Steinberg Seeks $50M To Restore Mental Health Grant Program
State Senate President Pro Tempore Darrell Steinberg (D-Sacramento) recently proposed using $50 million in the next budget cycle to restore a grant program that would fund initiatives to reduce recidivism among prisoners with mental health issues, Capital Public Radio’s "KXJZ News" reports (Adler, "KXJZ News," Capital Public Radio, 12/19).
Background on the Program
The program -- which existed for about a decade until being shut down in 2008 because of budget cuts -- sought to reduce reoffending rates and prison overcrowding, according to the Sacramento Bee's "Capitol Alert."
It allowed counties to apply for grants to support:
- Mental health courts;
- Substance misuse treatment facilities; and
- Employee training programs (Rosenhall, "Capitol Alert," Sacramento Bee, 12/19).
A 2005 report on the program found that 53% of prisoners involved in initiatives funded by the grants returned to prison within two years, compared with 56% of prisoners not involved in such initiatives. Similarly, 32% of those enrolled in the initiatives were able to become economically independent, compared with 24% of those not involved in the programs (St. John, Los Angeles Times, 12/19/13).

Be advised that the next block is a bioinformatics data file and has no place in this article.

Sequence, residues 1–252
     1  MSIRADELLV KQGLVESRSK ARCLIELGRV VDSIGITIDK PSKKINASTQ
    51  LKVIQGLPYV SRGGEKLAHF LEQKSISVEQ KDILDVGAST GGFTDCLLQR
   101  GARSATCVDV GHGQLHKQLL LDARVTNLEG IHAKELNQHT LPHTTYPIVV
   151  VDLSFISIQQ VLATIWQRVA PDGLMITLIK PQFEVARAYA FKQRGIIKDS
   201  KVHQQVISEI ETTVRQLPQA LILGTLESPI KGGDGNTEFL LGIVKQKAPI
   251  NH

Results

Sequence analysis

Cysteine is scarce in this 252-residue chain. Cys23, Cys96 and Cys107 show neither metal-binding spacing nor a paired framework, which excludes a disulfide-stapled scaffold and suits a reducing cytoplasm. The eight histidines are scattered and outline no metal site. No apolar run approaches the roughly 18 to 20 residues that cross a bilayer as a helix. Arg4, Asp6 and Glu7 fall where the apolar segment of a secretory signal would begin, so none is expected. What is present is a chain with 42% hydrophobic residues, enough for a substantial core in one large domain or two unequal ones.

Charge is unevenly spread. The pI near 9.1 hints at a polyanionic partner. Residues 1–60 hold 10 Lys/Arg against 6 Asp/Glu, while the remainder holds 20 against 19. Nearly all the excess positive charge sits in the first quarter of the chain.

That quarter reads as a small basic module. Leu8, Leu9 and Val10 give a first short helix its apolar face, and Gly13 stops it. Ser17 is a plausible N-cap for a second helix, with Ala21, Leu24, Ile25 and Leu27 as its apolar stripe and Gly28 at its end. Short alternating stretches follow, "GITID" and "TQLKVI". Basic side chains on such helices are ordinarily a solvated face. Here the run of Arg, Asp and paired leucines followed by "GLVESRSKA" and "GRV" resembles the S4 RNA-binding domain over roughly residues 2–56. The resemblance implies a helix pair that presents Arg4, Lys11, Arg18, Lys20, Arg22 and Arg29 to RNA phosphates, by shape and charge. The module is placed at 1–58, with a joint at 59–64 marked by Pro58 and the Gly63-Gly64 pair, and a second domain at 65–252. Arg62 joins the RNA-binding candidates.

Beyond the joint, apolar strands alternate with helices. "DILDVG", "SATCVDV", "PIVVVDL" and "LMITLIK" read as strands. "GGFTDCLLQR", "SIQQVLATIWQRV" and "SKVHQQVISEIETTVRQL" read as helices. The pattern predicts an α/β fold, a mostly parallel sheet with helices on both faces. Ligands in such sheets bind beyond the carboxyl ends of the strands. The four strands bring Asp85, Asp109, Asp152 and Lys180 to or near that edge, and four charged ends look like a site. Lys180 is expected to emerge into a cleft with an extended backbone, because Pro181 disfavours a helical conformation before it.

Several Sacramento County officials supported Steinberg's proposal, including:
- County mental health director Dorian Kittrel;
- Chief Probation Officer Lee Seale; and
- County Supervisor Phil Serna ("Capitol Alert," Sacramento Bee, 12/19/13).
Adam Christianson, Stanislaus County Sherriff, said the program was successful in that region before it was shut down.
"We have to be able to provide adequate and appropriate resources to people who need help, and get them out of the criminal justice system by working together to break cycles of addiction and violence," he said ("KXJZ News," Capital Public Radio, 12/19/13).
However, reinstating the funding largely depends on whether Gov. Jerry Brown (D) can obtain another delay in a federal court order to reduce prison overcrowding, according to the Times (Los Angeles Times, 12/19/13).
Earlier this month, a panel of federal judges extended to mid-January 2014 negotiations about prison overcrowding between the Brown administration and prisoner advocates.
If those negotiations fail, the judges gave California an additional two months -- until April 18 -- to reduce the prison population (California Healthline, 12/12/13).
If the state is granted more time to comply with the order, Brown has said he will use some of the state's budget to boost prison-related mental health programs (Los Angeles Times, 12/19/13).This is part of the California Healthline Daily Edition, a summary of health policy coverage from major news organizations. Sign up for an email subscription.